Biomarkers for neurodegeneration impact cognitive function: a longitudinal 1-year case-control study of patients with bipolar disorder and healthy control individuals

Ulla Knorr*, Anja Hviid Simonsen, Henrik Zetterberg, Kaj Blennow, Mira Willkan, Julie Forman, Kamilla Miskowiak, Steen Gregers Hasselbalch, Lars Vedel Kessing

*Corresponding author for this work

Abstract

BACKGROUND: Abnormalities in cerebrospinal fluid (CSF)-amyloid-beta (Aβ)42, CSF-Aβ40, CSF-Aβ38, CSF-soluble amyloid precursor proteins α and β, CSF-total-tau, CSF-phosphorylated-tau, CSF-neurofilament light protein (NF-L), CSF-neurogranin, plasma-Aβ42, plasma-Aβ40, plasma-total-tau, plasma-NF-L and, serum-S100B during affective episodes may reflect brain changes that could impact cognitive function in patients with bipolar disorder (BD). The study aimed to investigate the association between these biomarkers indicative of Alzheimer's disease and those reflecting neurodegeneration alongside their impact on cognitive function in patients with BD and healthy control individuals (HC). The primary hypothesis was that GL and VL would increase with increasing levels of CSF-Aβ42 based on data from T0 and T3 in BD and HC jointly.

METHODS: In a prospective, longitudinal case-control study euthymic patients with BD (N = 85) and HC (N = 44) were evaluated with clinical assessment and neuropsychological testing at baseline (T0) and during euthymia after a year (T3). Patients' affective states were recorded weekly as euthymic, subthreshold level, major depression, or (hypo)mania. If an episode occurred during follow-up, the patient was also assessed in post-episode euthymia. Cognitive performance was measured as a global cognitive score (GL) for four cognitive domains including verbal learning and memory (VL).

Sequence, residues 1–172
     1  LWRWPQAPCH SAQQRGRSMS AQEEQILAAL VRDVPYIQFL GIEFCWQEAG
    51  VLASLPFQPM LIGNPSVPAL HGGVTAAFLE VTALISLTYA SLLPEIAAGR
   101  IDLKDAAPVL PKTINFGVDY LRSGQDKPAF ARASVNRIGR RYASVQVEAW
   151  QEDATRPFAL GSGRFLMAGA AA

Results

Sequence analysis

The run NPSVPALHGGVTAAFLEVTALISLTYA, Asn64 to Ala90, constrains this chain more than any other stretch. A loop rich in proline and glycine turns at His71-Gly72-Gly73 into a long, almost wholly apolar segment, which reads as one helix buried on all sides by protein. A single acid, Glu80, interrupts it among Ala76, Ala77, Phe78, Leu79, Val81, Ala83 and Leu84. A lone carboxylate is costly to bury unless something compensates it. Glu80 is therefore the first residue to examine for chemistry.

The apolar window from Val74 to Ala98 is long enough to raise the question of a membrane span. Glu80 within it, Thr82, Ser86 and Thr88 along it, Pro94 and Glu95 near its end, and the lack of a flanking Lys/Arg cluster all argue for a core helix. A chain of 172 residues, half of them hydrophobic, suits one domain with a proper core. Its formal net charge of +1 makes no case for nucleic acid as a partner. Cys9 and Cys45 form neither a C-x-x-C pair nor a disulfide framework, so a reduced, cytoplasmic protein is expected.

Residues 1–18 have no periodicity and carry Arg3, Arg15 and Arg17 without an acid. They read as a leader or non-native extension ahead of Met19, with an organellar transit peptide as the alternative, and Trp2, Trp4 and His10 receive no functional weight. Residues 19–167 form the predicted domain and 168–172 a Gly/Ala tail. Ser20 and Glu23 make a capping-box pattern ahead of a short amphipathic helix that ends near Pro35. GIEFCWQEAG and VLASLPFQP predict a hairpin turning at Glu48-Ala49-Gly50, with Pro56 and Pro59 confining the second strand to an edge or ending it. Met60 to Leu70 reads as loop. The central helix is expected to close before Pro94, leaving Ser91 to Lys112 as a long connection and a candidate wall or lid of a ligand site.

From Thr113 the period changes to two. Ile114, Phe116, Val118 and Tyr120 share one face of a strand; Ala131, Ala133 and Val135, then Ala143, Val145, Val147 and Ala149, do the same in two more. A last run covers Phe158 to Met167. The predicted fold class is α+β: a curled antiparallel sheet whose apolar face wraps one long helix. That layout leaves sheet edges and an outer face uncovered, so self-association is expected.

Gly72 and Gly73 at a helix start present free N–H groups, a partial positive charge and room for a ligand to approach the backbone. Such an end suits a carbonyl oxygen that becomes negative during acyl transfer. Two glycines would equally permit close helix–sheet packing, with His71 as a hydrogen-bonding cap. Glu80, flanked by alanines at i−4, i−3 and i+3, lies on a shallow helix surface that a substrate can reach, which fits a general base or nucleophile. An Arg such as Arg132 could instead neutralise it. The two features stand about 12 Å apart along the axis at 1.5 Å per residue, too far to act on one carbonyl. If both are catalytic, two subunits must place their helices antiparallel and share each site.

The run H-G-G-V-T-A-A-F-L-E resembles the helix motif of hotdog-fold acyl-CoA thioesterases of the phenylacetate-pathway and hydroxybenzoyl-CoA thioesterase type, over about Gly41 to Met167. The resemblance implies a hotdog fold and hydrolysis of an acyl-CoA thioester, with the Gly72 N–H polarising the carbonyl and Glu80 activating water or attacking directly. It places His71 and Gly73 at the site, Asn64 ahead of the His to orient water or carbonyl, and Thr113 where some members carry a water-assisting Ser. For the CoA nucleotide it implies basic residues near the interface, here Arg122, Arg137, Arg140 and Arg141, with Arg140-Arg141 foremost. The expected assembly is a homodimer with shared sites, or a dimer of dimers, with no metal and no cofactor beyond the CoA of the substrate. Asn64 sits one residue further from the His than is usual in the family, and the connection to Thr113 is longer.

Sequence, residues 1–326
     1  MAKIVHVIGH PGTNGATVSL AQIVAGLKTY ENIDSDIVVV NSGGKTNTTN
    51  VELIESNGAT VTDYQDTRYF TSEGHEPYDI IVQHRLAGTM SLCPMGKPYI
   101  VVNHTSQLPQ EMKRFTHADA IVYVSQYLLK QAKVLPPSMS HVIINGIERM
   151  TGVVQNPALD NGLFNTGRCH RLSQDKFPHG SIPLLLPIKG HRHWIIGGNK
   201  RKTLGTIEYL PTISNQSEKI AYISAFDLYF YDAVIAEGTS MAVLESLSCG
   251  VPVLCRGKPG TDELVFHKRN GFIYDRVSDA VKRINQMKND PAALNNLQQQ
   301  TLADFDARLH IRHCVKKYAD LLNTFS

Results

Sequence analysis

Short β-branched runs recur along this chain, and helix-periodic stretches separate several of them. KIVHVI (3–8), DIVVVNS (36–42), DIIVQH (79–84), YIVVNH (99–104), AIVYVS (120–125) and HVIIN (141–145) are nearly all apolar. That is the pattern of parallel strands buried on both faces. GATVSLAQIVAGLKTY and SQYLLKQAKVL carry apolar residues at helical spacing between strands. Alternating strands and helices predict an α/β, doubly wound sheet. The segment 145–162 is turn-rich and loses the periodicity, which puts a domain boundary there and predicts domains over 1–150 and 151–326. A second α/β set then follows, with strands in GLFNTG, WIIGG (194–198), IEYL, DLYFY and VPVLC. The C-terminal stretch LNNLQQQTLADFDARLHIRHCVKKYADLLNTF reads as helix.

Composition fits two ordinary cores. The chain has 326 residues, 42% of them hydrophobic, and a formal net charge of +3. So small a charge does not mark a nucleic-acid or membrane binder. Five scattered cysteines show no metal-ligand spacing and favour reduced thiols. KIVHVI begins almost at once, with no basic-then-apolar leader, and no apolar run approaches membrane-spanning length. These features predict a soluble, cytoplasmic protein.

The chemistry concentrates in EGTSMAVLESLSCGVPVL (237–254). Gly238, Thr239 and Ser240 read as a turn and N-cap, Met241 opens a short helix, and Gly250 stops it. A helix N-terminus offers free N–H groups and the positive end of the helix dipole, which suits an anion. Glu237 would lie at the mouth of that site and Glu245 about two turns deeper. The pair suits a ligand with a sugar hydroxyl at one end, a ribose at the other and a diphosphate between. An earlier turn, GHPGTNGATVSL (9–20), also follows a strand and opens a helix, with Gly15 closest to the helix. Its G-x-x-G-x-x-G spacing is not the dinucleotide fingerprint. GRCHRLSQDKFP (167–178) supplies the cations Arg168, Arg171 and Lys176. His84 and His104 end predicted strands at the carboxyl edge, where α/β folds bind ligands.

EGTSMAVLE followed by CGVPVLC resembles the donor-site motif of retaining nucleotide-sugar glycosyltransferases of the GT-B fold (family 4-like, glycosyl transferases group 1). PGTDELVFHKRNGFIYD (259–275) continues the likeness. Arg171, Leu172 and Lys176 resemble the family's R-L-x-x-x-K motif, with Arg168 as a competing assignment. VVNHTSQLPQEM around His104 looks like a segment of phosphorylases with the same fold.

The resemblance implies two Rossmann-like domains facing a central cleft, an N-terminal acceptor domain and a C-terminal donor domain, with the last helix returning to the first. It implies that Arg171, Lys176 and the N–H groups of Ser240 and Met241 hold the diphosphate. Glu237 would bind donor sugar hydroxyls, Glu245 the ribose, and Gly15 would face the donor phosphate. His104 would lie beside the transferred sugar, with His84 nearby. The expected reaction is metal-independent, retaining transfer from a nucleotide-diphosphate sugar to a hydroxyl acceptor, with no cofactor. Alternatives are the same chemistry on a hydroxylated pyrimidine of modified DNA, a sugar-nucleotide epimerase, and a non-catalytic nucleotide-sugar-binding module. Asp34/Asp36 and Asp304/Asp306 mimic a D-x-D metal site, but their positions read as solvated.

RESULTS: Estimated in a linear mixed model GL increased with 0.001 for each increase of 1 pg/ml of CSF-Aβ42 (97.5%, CI 0.00043-0.0018, adjusted-p = 0.0005) while VL increased by 0.00089 (97.5%, CI 0.00015-0.0018, adjusted-p = 0.045) in BD and HC jointly. The association was weak, however stronger in patients with BD compared to HC. Associations between other biomarkers including CSF-neurogranin, and cognitive domains were overall weak, and none remained significant after adjustment for multiple testing.

LIMITATIONS: Modest sample size. A complete data set regarding both CSF-AB-42 and cognitive test scores was obtained from merely 61 patients with BD and 38 HC individuals.

CONCLUSION: CSF-Aβ42 may be associated with cognitive dysfunction in patients with BD and HC individuals. The association appeared to be stronger in BD but with overlapping confidence intervals. Hence it remains uncertain whether the association is a general phenomenon or driven by BD.

Original languageEnglish
Article number2
JournalInternational Journal of Bipolar Disorders
Volume12
Issue number1
Pages (from-to)2
ISSN2194-7511
DOIs
Publication statusPublished - 16 Jan 2024

Keywords

  • Amyloid
  • Bipolar disorder
  • Cerebrospinal fluid
  • Cognitive function
  • Neurogranin
  • Tau

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